AMS Below article leader board Dec 14

12196155_536213066534893_3780746741032588138_nBy now we are all quite aware that 3D printing is allowing for some very serious work, discovery, and progress in labs and hospitals all around the world. As you read, researchers are somberly working on transforming everything from dentistry to plastic surgery, and doctors on numerous continents employ a variety of 3D printed models to assist in complex procedures like separating conjoined twins or prepping for kidney transplants. Thanks to the new technology, amazing impacts are being made through incredible human innovation and effort.

With all the hard work going on in the world, however, also comes the need to play—and 3D printing is no slouch in allowing for that either. A culture of hobbyists that used to spend time relaxing by meticulously building model planes, drones, and more has on many accounts been melded in with the maker community of 3D printing-loving tinkerers, hackers and novices excited about creating—and flying things overhead.

BoxBotix-RobotsBoxBotix is a perfect example of what thrills a contemporary hobbyist. An open source 3D printable robotics system developed by Coby Leuschke from Rocketship Systems, BoxBotix can be a copter, plane, or rover. Perfect for the desktop enthusiast, this aerial fun can fabricated easily at home, with some materials required using basic tools such as metric fasteners, extruded carbon fiber shapes, aluminum, and foam.

The project was part of a successful Kickstarter campaign last month, raising a total of $17,558 and giving the team the opportunity to get well familiar with launching their business as they shipped out 69 kits to those who pledged. If you are interested in 3D printing the BBots, you can now find the design files, as well as full documentation, on Wevolver. Two kits, each containing over 130 parts, are available, in either the ‘Bring Your Own Printer’ version or the ‘Full Frame’ kit which contains all the 3D printed parts ready made.

“Our vision is to form a global network of artisans who specialize in the design, manufacture and support of open source robots at the local level. We get a lot of emails and phone calls from people trying to fly sensors but lack the robots to put them on. So we decided to see if we could design something that was easy to hack, make, use and sustain,” said Coby Leuschke, CEO.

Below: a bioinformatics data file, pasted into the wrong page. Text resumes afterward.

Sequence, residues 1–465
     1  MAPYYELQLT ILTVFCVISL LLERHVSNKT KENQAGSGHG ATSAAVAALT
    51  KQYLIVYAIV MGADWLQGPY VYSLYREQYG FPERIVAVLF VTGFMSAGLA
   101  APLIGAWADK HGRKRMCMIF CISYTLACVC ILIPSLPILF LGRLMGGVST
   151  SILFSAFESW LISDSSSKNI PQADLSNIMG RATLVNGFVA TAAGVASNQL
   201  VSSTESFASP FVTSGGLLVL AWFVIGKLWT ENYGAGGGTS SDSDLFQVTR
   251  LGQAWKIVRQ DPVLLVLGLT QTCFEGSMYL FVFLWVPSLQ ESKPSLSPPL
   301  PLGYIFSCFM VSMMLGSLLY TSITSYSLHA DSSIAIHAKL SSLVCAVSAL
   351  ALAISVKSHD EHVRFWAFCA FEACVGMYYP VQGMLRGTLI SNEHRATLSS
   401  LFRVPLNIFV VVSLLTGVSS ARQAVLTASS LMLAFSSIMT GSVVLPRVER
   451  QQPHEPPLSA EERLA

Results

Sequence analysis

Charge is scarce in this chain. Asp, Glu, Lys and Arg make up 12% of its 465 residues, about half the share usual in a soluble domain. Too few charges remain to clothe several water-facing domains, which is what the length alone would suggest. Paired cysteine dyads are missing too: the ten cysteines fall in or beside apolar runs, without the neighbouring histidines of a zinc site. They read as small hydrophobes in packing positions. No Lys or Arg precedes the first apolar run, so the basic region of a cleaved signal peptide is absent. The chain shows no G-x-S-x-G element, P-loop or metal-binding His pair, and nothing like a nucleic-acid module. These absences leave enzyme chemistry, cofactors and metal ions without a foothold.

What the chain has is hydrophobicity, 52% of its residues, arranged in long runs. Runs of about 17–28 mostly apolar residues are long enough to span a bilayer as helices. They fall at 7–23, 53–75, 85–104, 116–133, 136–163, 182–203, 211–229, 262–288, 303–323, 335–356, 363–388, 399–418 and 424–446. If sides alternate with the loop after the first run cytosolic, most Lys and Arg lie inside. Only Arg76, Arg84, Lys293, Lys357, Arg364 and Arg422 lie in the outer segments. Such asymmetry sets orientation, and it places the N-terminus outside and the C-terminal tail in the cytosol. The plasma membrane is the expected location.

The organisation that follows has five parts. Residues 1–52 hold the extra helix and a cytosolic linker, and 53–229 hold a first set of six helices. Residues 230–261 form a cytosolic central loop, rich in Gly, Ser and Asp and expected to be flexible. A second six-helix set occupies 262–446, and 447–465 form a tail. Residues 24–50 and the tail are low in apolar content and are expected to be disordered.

Leuschke’s project is perfect for the DIY crowd as the open-source design means once you’ve mastered the basics, you can take off on your own and make custom configurations, with suggestions like boats, monster trucks, or even droids. You can mix and match the parts to make your own robotic frame, and the BBots team made sure to design all the connections for modules requiring only thumbscrews, promising easy assembly and easy maintenance while in the field.BBPlanev001

“Need a ground-based rover? Need a long range flyer? Need vertical takeoff or hover capabilities? The BBRover, BBPlane, and BBCopter are sets of modules that are all compatible with the same BrainBox frame, and can be interchanged quickly and tool-free for multifunctional capabilities in the field,” states the BBots team on Wevolver.

“We have developed a base design for each variant, but with a little 3D CAD knowledge and some creativity, these modules can be altered to integrate sensors and payloads of your choosing. You can even start with the Lid or Arm Module interface, and come up with a whole new module concept of your own.”

BBRover

BBRover

The BBots design is meant to be both dust and waterproof, and Leuschke explains that they made the system so you could be outdoors flying your craft in the ‘worst case scenario.’ Leuschke, obviously passionate about pursuing his craft in any weather (ahem!), explains that for his team that means out at night, in the rain, wearing gloves. Whether that is something you want to do or not, you do have the promise that these designs are durable. Check out Wevolver for specifications on each BBot configuration. And, BBon Voyage!

See the video below for information on the typical power, signal, and electronics installation for a BBot BrainBox. Is this a system you’d be interested in having? Discuss in the 3D Printed BBots forum over at 3DPB.com.

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